We Do Cray Cray Real Good

Gary, the psychologist, waited for me to get settled in my chair. I had been dreading this session all week. In our first session, my mother and father told Gary about the first fifteen years of my life. How they had provided for me, sacrificed to give me a Catholic education, and fulfilled all my material wants. And how I had repaid them by stealing my mother’s Valium, Darvon, and other drugs. Gary had listened carefully, nodding in agreement, validating their concerns and disappointments. Then he asked to see me alone for the next session. All week I knew how I was going to get reamed as an ungrateful son who was going to hell for prescription drug use as well as taking my friends with me.

Gary leaned back in his chair and stroked his beard.

“Jerome,” he finally said, “did you know your parents are crazy?”

I was stunned. First, because he called me Jerome instead of my nickname, Jerry. And second, he called my parents crazy. He looked at me for an answer. I finally shook my head no.

“Well they are. I know crazy is not the acceptable term. But trust me, I’m in the business of crazy, and your parents are. I don’t blame you for wanting to get high in order to deal with them. The question is whether you want to keep getting high or do you want to find another way to deal with the craziness?”

I managed to find my voice. “I’d like another way,” I stammered. Thus began my journey to an insanity free life. One that is also drug free and free of alcohol dependency. Mental illness is a topic that rises to public consciousness every time there is another mass shooting. But the topic quickly fades, and few want to talk about it on a personal level. I am as good of a nonprofessional expert on mental illness as one can find. Gary saved my life by convincing me that I could escape the dysfunction of my family of origin. My mother was what is now called bipolar. Back then, it was called manic depressive and was treated with drugs like Valium. My father was a narcissistic and a weekend alcoholic. Together, they were a match made in hell. Screaming, throwing things, and regular beatings of their only child constituted my daily existence. I thought it was normal.

Once, when I was nine, I remember jumping up and down on my parents’ bed cheering for my mother as she chased my father into the bathroom with a butcher knife. She probably could have broken the door down, but she contented herself with stabbing the door multiple times. Within two years of that incident, she started taking massive overdoses of the pills that were supposed to suppress the rage. I don’t remember how many times she tried to kill herself. I do know she almost succeeded. And I remember how sick, betrayed, and useless I felt with each attempt. Wainwright lied. Suicide is definitely not painless.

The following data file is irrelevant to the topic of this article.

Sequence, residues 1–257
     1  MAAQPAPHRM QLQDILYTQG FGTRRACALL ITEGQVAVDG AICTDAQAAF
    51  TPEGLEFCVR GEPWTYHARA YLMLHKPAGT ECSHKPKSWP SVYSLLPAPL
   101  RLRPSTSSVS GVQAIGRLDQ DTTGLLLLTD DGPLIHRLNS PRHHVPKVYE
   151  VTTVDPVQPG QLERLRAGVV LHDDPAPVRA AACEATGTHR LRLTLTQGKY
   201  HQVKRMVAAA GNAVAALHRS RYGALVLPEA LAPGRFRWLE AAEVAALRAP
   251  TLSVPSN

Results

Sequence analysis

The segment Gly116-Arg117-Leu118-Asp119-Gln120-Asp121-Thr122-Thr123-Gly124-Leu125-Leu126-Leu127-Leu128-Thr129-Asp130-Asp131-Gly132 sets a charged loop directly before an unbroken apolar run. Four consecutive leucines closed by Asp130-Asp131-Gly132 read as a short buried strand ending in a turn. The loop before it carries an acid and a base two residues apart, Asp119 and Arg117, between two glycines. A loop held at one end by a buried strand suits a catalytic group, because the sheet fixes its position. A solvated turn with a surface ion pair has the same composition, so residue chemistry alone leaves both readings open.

Recovery from such an insane upbringing is hard. Add in PTSD from service in Vietnam, as well as TBI from a jeep rollover, and I have had to fight every day to live a non-crazy life. Mostly, I have been successful. The rest of the country, not so much. Exhibit A is that about half of all people locked up have mental health issues. We can argue about exact numbers or definitions of mental health, but by any objective measure, the treatment approach in the U.S.A. is medieval–incarceration for the poor and middle class with resort spas for the rich.

It would take very little effort to do better. And if treatment is not cheaper than incarceration it is at least more effective. To say we can’t afford to change is absurd. The fees we pay for phones, TV, and internet alone argue otherwise. The 26 billion dollars we spend on professional sports says that we can afford to do better. It is a matter of priorities. We value doggie treats and Halloween costumes for our cats ($500 million) more than psychological treatment. As a country, we ignore mental health except when it is forced into our consciousness. And since 25% of all Americans have or will have mental health issues, it’s not like we don’t know and love someone with problems. But we avoid talking about it, joke about it, and isolate those who most need help.

Lack of treatment starts early. We have taken away our teachers’ time, ability, and authority to intervene and help those students with issues. We have eliminated school counselors or turned them into standardized test monitors. We have built school to prison pipelines and then wonder why we have more people in prison than any other country. It takes large investments of time and money to create trained people like Gary. I was lucky. Since my father was in the military, my treatment was paid for by the taxpayers. For those who complain about paying too many taxes, in the five decades since I sat in Gary’s office, I have repaid that debt many times over through my own tax payments and through service to my community. More importantly, I didn’t become an addict or alcoholic or end up in prison, thereby costing the taxpayers more money. It’s called an investment for a reason.

One of my favorite comedians is Christopher Titus. His childhood was even worse than mine, and he helps me laugh and release the pain. His humor helps bring mental health issues into the open. He makes it acceptable to give voice to behavior that is both horrible and debilitating. The number of dysfunctional families is rising. The number of children suffering from PTSD is rising. The number of Gary’s is falling. Why go into debt for a master’s degree to make $35,000 a year figuring out what treatment someone needs when you can get a bachelor’s degree and make twice as much selling them pills? All the numbers point to the problem getting worse, not better. We do crazy real good. And that’s no laughing matter.

Photo By: doctorpolitico.com